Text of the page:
By Bruce J. Krajewski
“For a long time I did not understand what prayer is, and I still have trouble.”
— Michel Serres, Religion
Michel Serres’s contemporary, the philosopher Hans Blumenberg (1920-1996), was raised a Catholic and studied before World War II to become a priest. While Serres (1930-2019) expresses self-doubt about prayer, Blumenberg had no such hesitations. When Blumenberg wrote his 1950 habilitation, he concluded that prayer “extinguish[es] dialogical life” (121) by juxtaposing “dialogical life” to “mystical experience.” The former involves “consent” (152), the latter the ineffable, the apophatic, the esoteric, the God-works-in-mysterious-ways bromide.
For Blumenberg, prayer is not the call and response you find in works by scholars of theology, like Yanbo Zheng, who presents a definition that does its best to make prayer a dialogical activity: “Active speaking towards the Absolute Other [God] is called prayer” (3). For outsiders, Zheng asks readers to believe a conjuring act (the mixing of prayer and magic), a conjuring of another who is not present because omnipresent, but silent in the everyday sense. Note that the speaking is “towards” the “Absolute Other.” “Towards” is a faux directional word since everything is “towards” the-one-who-is-omnipresent.
No need for quibbling with Zheng. The Hebrew Bible shows readers an “Absolute Other” who makes dramatic appearances to engage in dialogue. Who else uses a burning bush as a conversational entrance (Exodus 3)? See Job 38:1 as well. One might argue this is a case of the “Absolute Other” speaking towards a non-Absolute Other. Elsewhere, God’s conversations in the Hebrew Bible look like dialogue (e.g., Genesis 4:6). Most of the features align with those that characterize dialogues between human beings. Not all dialogues are prayers. Calling prayer a dialogue throws up several puzzles. It is no wonder Serres expresses difficulty.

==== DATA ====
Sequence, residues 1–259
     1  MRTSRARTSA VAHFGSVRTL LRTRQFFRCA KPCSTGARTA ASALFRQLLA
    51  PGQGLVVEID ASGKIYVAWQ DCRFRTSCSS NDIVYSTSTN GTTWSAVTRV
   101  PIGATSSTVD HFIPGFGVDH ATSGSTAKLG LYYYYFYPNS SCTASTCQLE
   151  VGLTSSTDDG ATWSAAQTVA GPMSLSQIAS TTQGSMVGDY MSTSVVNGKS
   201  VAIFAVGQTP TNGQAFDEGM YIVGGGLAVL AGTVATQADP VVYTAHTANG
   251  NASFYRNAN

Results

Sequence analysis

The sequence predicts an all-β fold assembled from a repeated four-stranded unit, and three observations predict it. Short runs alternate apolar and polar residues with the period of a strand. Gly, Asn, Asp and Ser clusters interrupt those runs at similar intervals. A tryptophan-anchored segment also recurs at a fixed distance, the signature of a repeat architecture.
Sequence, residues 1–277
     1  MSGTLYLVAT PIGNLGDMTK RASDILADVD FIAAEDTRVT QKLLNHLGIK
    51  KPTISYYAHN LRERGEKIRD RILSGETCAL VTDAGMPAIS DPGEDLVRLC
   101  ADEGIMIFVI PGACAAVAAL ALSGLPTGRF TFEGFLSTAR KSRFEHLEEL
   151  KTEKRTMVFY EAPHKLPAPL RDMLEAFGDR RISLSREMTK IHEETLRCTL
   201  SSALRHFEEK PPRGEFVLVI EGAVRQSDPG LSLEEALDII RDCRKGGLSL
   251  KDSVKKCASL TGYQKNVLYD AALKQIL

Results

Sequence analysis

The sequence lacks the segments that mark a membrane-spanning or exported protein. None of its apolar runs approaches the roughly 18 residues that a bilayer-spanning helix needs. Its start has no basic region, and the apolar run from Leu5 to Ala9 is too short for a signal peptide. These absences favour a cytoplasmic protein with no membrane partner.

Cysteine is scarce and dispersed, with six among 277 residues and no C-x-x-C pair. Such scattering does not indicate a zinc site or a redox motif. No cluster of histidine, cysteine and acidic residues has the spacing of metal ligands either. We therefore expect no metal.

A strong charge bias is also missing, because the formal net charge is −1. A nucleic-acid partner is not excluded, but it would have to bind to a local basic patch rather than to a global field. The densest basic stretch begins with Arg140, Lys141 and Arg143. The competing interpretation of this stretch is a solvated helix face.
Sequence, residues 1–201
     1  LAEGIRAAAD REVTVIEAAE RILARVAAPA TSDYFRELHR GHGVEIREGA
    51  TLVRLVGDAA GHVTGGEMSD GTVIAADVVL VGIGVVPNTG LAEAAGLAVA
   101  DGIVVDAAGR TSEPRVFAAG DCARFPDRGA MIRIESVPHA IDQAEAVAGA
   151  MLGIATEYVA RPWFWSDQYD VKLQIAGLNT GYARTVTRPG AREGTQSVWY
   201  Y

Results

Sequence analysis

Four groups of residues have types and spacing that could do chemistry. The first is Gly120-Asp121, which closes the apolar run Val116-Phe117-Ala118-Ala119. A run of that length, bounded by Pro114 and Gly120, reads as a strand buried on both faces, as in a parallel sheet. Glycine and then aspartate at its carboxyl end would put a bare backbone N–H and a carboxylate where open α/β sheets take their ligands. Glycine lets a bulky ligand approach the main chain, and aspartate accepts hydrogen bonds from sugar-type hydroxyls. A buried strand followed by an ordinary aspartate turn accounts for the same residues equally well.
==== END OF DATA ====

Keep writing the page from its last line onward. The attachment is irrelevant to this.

Dialogue, to use Maurice Blanchot’s description, “is founded upon the reciprocity of words and the equality of speakers” (81). Certainly, God is not equal to the person praying. The person praying often needs God’s power to accomplish something. Prayer is no more dialogical than the other seeming “responses” made by congregations at masses. Christian services are almost always monological, a priest or church-approved-designate stands at the altar to speak. No real conversation occurs. No questions from the audience are taken, nor are power and control up for grabs.
As for Blanchot’s “equality of speakers,” precarity is built into prayer – from Latin precārium, a thing granted or lent upon request at the grantor’s will and pleasure. Prayer happens within a context of haves versus have-nots. It is certainly not a communication between equals, if it can be called communication at all.
Prayer’s puzzles attract Blumenberg. For instance, in Care Crosses the River, in a section labeled “Maritime Emergencies,” Blumenberg investigates an anecdote (6-8) about Gottfried Leibniz, philosopher, and developer of calculus, who happened to be traveling around Italy by sea when a storm arose. The sailors accompanying Leibniz believed he did not understand their language. They conspire to rob Leibniz and toss him overboard. A quick-thinking Leibniz breaks out a rosary during the storm. “They see him praying.” One of the sailors tells the others he does not “have the heart to kill the passenger, since one can see he is not a heretic” (6-7).
Blumenberg highlights irregularities with the anecdote and suggests this story could be Leibniz remembering a story from René Descartes’s biography about a boat trip during which Descartes pretended to pray. Framed by a storm, the passage reported by Leibniz’s secretary, Johann Georg Eckhart, reads “as if” (als wenn) Leibniz were praying. While Blumenberg doubts Leibniz told the story at all in the way recorded by Eckhart, Blumenberg spots a puzzle: how exactly is pretending to pray different from praying?
One would imagine Blumenberg consulting J.L. Austin on the matter, the author of “Pretending.” In an essay about problems of representation and intention, Austin says he will not lose sleep by being “too much obsessed by the opposition … between pretending and really being” (265). One of Austin’s clarifying examples: “To pretend to be a bear is one thing, to roam the mountain valleys inside a bearskin rather another” (268). Like Leibniz in a storm, we find ourselves in situations calling us to act extemporaneously (268). Pretence is for the short term, Austin posits. “If there is no sort of urgency,” we are in the realm of “a pose” (268). Recall that Blumenberg situates the Leibniz tale under the heading of “maritime emergencies.” In the end, Blumenberg applauds Leibniz’s relativism, his taking up prayer on the fly in a crisis. Blumenberg admires that Leibniz “follows the local customs” (8), meaning the locals spare Leibniz’s life, believing him to be one of their own, that is, not a heretic, but one who prays during a horrible storm.